What’s a day to a mayfly?
What’s a decade to a man?
What’s a millennium to the universe?
It’s time to put time in perspective with this awesome graphical journey from Wait But Why. <- Start there, and then we’ll continue our adventure.
Our brains have a hard time putting the immense scale of Time (as in “all of it”, which is why it’s capitalized) into perspective. We’re just not built for that kind of thing. While we’re at it, scales of size throw us for a loop too.
That scale of that time, be it seconds, years or atomic oscillations of cesium atoms, is just the construction of humans, signposts along the way so that we can mark how different now-now is from then.
But wait, is now inherently different from then? Yes. That’s where time comes from in the first place. Time only moves in one direction. There’s a reason that the universe can not be reversed, a rule that makes today different from yesterday.
The arrow of time points forward. As long as the universe is getting messier, time will continue to tick on. Entropy, man. All the things are in a more disordered place than they just were, just then.
Life itself depends on the fact that the universe is not in thermal equilibrium. There are simply many more ways that matter can be disordered than it can be organized neatly, and our biochemical reactions take advantage of that. Be thankful for entropy.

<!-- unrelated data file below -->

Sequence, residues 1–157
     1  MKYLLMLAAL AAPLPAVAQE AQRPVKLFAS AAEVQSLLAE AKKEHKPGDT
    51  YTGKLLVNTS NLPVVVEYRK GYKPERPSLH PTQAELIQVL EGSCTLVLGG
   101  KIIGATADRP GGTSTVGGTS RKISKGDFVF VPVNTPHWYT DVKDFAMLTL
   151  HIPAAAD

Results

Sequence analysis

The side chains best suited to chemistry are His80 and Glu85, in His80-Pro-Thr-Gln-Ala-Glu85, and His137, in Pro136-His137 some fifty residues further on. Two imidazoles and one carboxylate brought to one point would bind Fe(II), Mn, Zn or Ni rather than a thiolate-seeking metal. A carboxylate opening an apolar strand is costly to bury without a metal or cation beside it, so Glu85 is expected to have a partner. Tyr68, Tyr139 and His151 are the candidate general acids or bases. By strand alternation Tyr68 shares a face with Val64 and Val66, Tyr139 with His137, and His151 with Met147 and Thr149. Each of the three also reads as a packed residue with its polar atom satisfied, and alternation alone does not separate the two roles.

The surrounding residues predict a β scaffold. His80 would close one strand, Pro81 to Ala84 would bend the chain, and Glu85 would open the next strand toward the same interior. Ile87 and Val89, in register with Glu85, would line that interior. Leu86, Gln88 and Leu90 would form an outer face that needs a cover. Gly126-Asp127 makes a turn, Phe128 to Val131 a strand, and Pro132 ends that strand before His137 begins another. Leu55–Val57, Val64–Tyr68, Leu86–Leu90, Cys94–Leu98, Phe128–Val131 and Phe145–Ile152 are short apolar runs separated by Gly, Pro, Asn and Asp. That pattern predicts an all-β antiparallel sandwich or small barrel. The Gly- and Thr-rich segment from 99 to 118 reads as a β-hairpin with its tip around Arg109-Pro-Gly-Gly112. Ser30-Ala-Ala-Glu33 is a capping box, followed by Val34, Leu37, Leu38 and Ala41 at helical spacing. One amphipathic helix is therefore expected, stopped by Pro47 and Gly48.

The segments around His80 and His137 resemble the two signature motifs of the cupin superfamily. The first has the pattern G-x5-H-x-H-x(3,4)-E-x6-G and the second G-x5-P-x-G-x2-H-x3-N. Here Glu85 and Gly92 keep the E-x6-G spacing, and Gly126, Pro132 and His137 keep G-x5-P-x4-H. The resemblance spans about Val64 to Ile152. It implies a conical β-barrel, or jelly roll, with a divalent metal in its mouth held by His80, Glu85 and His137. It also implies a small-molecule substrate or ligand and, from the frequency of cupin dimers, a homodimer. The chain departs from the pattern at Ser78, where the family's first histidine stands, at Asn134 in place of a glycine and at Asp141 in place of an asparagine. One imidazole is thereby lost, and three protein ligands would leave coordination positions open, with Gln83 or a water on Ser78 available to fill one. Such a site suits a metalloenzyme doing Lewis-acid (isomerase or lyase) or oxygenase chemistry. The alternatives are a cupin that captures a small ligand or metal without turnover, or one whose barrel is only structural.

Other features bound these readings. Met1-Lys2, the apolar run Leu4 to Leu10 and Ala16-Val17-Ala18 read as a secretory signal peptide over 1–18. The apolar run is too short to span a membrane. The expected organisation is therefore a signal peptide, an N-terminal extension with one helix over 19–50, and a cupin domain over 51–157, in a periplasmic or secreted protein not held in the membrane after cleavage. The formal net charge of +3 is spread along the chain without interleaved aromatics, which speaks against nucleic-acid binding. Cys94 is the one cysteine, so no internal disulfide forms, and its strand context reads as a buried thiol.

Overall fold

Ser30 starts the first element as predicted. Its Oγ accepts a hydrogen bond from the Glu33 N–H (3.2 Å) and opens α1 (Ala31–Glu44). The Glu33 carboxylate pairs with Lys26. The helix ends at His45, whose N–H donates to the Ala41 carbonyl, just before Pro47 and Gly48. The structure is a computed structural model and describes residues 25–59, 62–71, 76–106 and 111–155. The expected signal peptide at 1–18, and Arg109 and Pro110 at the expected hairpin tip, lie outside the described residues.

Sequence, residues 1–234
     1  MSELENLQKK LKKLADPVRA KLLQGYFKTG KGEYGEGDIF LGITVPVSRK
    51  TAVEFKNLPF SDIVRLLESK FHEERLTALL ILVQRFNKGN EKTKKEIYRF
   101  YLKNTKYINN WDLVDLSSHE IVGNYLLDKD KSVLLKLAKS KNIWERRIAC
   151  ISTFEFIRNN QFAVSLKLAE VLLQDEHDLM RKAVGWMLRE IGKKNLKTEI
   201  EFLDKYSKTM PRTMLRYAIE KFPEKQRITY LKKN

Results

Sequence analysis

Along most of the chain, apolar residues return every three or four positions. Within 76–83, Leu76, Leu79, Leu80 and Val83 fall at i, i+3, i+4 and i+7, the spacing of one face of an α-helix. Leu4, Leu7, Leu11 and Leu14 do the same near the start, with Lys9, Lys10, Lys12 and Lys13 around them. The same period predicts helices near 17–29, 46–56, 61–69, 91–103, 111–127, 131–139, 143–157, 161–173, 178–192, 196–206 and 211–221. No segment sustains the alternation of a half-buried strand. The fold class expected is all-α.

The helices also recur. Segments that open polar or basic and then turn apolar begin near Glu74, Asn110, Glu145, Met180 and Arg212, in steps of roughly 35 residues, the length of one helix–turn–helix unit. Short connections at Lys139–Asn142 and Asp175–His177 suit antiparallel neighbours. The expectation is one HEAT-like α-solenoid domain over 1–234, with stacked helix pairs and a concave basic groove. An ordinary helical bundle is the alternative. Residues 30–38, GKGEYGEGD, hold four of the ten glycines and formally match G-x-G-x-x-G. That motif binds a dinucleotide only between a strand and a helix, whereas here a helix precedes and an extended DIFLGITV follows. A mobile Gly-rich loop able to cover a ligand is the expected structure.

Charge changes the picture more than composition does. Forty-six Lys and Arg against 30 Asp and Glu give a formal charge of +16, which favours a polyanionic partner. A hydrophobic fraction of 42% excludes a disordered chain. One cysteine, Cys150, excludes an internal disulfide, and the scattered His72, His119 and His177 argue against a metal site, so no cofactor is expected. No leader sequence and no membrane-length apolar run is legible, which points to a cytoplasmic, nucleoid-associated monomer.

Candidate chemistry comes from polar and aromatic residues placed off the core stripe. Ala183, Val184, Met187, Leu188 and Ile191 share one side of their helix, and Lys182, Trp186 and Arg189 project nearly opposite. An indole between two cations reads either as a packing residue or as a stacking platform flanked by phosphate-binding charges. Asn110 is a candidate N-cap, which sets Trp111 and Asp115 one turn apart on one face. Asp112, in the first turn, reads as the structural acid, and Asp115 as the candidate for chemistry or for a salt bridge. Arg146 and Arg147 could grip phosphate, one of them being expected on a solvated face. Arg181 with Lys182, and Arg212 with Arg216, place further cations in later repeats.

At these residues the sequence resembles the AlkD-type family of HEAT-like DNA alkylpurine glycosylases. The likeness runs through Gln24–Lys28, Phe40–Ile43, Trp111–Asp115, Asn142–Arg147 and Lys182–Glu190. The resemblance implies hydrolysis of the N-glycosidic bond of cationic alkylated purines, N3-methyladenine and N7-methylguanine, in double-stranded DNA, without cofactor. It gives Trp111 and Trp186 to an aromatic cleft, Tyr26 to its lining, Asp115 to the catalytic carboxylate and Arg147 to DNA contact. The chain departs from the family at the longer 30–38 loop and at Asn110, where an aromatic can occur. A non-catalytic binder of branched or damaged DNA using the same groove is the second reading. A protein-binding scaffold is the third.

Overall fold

Like Brian Cox says, there are more sand dunes than sand castles. I mean, probability says sometimes you’ll get a sand castle spontaneously forming on the beach, but you’ll get a gazillion random piles of sand in the meantime. So entropy marches on, and the universe gets disordered, and new nows become different from just thens.
Then why isn’t our world just some strange exception among the mess?
If ordered piles of molecules named Joe are just some rare, low-probability fluctuation in a universe that would much rather be in all kinds of disordered non-Joe-ness, then why does so much of the universe seem to look organized? I mean, there’s you, and there’s the rest of Earth, and the rest of everything. Why isn’t this the only planet, star, galaxy, etc?
Well, maybe we’re only a chicken that’s come out of a larger egg. Maybe we’re not a closed system. Maybe, there’s more beyond this universe?
That’s Sean Carroll’s idea anyway. Well, it’s not just his, but here he is talking about it in rather entertaining form at TEDxCaltech:
If any of this time business turns out to be too stressful, there’s a way out. But there’s a catch, it involves moving close to the speed of light. And if you dilate yourself out of this time scale, you’ll leave all of us behind, and we don’t want to see you go. Unless you take us with you. It’s that pesky twin paradox:
Gotta stop now. I’m out of time.